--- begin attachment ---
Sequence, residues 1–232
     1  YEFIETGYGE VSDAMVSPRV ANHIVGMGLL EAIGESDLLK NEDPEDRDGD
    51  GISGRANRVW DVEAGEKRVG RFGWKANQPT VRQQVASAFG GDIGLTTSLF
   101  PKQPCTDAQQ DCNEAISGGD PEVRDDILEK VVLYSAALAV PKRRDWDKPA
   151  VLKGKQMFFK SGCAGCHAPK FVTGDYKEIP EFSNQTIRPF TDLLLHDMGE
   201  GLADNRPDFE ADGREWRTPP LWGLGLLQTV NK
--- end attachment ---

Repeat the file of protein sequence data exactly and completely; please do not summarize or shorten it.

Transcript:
Sequence, residues 1–232
     1  YEFIETGYGE VSDAMVSPRV ANHIVGMGLL EAIGESDLLK NEDPEDRDGD
    51  GISGRANRVW DVEAGEKRVG RFGWKANQPT VRQQVASAFG GDIGLTTSLF
   101  PKQPCTDAQQ DCNEAISGGD PEVRDDILEK VVLYSAALAV PKRRDWDKPA
   151  VLKGKQMFFK SGCAGCHAPK FVTGDYKEIP EFSNQTIRPF TDLLLHDMGE
   201  GLADNRPDFE ADGREWRTPP LWGLGLLQTV NK